Just yesterday, on 1580 Big Talker out of Washington DC (iTunes radio) I heard a rep from a social services agency say that the original welfare reform measure did more to get people out of poverty than anything done before or since. But then we went back to punishing people for being poor, instead of helping them stop being poor.

    Why we have the poor depends on the individual in question. Some want to be poor, some don’t know how to get out of poverty, others are discouraged from trying. We really want to help those in poverty we need first to be honest about our motivations, and honest about what we intend to do. Educational reform, as well as legal and tax reform would help a whole bunch.

    That’s my thinking on the subject.

  5. #5 History Punk
    February 6, 2010

    “Some want to be poor, some don’t know how to get out of poverty, others are discouraged from trying.”

    And some people are poor because the federal and state governments have not devised programs to sustain and promote their existence at the expense of others. Seriously, the nerve of people bitching about welfare and section-8 while gobbling down, like meth ingesting pigs, tax credits for their home mortgage interest, their children, and other subsidies is appalling.

  6. #6 CS Shelton
    February 6, 2010

    I don’t know about the “justify the agency’s continuing existence” angle. The way these things are run varies from minute to minute with the political appointees in charge of them. For example, one post-election they try to be helpful and not turn people away, the next they use horrible restrictions (five forms of ID and samples of blood and urine!) to disenfranchise as many as possible and save a few bucks.
    Are these agencies encouraging dependency? I find that extremely hard to believe, given the shit they put people through. It sounds like a Libertarian talking point, frankly.
    Some poor people are NEVER getting out of that situation, and will always be dependent on some sort of services, as long as we aren’t engaging in some serious and unreserved social engineering, on a scale not possible in a conservative country like the US. I know because I live with them.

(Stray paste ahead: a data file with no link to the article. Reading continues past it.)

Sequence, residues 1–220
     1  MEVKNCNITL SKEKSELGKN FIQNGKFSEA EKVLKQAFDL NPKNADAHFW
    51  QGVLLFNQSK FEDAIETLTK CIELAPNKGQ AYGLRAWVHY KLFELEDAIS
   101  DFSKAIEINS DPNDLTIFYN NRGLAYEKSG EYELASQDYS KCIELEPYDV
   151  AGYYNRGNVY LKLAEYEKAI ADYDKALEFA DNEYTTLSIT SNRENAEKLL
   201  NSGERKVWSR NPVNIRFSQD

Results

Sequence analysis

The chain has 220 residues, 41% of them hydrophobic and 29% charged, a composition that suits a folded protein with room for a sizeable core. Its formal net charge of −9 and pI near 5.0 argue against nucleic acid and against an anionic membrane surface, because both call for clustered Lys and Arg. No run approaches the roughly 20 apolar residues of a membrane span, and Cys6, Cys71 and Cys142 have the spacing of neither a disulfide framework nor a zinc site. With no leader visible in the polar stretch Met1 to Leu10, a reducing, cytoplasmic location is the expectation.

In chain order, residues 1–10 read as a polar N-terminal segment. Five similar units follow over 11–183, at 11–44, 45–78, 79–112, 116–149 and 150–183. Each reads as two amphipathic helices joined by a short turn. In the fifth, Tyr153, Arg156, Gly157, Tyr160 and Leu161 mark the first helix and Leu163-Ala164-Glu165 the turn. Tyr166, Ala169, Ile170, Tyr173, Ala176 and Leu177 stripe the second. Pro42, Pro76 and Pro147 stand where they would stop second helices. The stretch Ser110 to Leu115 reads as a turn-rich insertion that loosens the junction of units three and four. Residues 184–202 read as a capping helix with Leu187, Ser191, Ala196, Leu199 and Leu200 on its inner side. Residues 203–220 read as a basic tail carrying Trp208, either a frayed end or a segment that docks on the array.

Hell even if you cure generational alcoholism / drug addiction, abuse cycles, and the deep-rooted cultural despair that inspires violence, apathy and poverty, you’ll still have people too poor for health reasons. Because anything else would be Communism, don’t you know?
    I’m probably gonna shake out to lower middle class in five to ten years, but my neighbors sure as hell aren’t, regardless of how the programs are structured.

  7. #7 Jim Thomerson
    February 6, 2010

    good luck on getting food stamps in Texas. It is said to be better now, but waits up to six months have been common.

  8. #8 Alan Kellogg
    February 7, 2010

    #5

    History Punk,

    From my experience as a client in the social services I find this to be oh so distressingly true; you can’t help people who don’t want to be helped. No matter what your motivations are, the other person must want to get out of his current situation, and be able to get out of his current situation with help. If the answer to either question is “no”, then you are going to fail.

  9. #9 Alan Kellogg
    February 7, 2010

    #6

    CS Shelton,

    In the long run the effect has been to encourage dependency. Once there was a focus on getting the poor the skills they needed to get off public assistance, and it worked. We seem to have swung away from that to a more, “they’re hopeless, why should we bother?” mode. The former may have cost more in the short run, but it got people off of welfare and into the workforce.

  10. #10 Alan Kellogg
    February 7, 2010